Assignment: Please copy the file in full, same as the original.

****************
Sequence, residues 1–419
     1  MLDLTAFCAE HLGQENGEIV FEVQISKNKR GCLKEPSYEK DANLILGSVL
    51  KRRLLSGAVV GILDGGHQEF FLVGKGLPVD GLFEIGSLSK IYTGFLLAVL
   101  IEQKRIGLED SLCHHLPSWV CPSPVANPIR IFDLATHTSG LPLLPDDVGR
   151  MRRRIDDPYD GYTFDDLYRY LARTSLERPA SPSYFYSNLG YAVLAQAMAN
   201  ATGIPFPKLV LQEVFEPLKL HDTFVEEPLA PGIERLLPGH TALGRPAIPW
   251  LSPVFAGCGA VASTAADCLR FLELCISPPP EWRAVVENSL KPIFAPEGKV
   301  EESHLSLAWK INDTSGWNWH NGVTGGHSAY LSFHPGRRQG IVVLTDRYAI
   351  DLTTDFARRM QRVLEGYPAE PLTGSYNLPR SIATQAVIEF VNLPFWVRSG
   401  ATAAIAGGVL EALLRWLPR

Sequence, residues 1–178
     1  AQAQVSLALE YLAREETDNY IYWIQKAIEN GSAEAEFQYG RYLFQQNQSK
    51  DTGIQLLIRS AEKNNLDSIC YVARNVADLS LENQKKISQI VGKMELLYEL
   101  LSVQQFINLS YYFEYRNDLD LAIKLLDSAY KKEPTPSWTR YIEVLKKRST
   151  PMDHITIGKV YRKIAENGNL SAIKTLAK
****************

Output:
Sequence, residues 1–419
     1  MLDLTAFCAE HLGQENGEIV FEVQISKNKR GCLKEPSYEK DANLILGSVL
    51  KRRLLSGAVV GILDGGHQEF FLVGKGLPVD GLFEIGSLSK IYTGFLLAVL
   101  IEQKRIGLED SLCHHLPSWV CPSPVANPIR IFDLATHTSG LPLLPDDVGR
   151  MRRRIDDPYD GYTFDDLYRY LARTSLERPA SPSYFYSNLG YAVLAQAMAN
   201  ATGIPFPKLV LQEVFEPLKL HDTFVEEPLA PGIERLLPGH TALGRPAIPW
   251  LSPVFAGCGA VASTAADCLR FLELCISPPP EWRAVVENSL KPIFAPEGKV
   301  EESHLSLAWK INDTSGWNWH NGVTGGHSAY LSFHPGRRQG IVVLTDRYAI
   351  DLTTDFARRM QRVLEGYPAE PLTGSYNLPR SIATQAVIEF VNLPFWVRSG
   401  ATAAIAGGVL EALLRWLPR

Sequence, residues 1–178
     1  AQAQVSLALE YLAREETDNY IYWIQKAIEN GSAEAEFQYG RYLFQQNQSK
    51  DTGIQLLIRS AEKNNLDSIC YVARNVADLS LENQKKISQI VGKMELLYEL
   101  LSVQQFINLS YYFEYRNDLD LAIKLLDSAY KKEPTPSWTR YIEVLKKRST
   151  PMDHITIGKV YRKIAENGNL SAIKTLAK